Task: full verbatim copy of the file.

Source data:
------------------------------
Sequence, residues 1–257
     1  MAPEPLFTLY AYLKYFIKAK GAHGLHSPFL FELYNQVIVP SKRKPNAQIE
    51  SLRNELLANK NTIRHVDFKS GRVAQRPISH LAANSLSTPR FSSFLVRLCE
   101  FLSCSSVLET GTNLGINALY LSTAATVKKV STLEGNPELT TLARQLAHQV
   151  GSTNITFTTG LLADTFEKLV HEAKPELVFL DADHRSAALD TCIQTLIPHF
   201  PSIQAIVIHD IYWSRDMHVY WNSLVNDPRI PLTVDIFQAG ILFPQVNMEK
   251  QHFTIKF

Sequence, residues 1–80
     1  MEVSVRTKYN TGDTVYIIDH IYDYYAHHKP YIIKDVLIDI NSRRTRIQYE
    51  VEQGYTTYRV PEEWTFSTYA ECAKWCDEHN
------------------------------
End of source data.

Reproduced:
Sequence, residues 1–257
     1  MAPEPLFTLY AYLKYFIKAK GAHGLHSPFL FELYNQVIVP SKRKPNAQIE
    51  SLRNELLANK NTIRHVDFKS GRVAQRPISH LAANSLSTPR FSSFLVRLCE
   101  FLSCSSVLET GTNLGINALY LSTAATVKKV STLEGNPELT TLARQLAHQV
   151  GSTNITFTTG LLADTFEKLV HEAKPELVFL DADHRSAALD TCIQTLIPHF
   201  PSIQAIVIHD IYWSRDMHVY WNSLVNDPRI PLTVDIFQAG ILFPQVNMEK
   251  QHFTIKF

Sequence, residues 1–80
     1  MEVSVRTKYN TGDTVYIIDH IYDYYAHHKP YIIKDVLIDI NSRRTRIQYE
    51  VEQGYTTYRV PEEWTFSTYA ECAKWCDEHN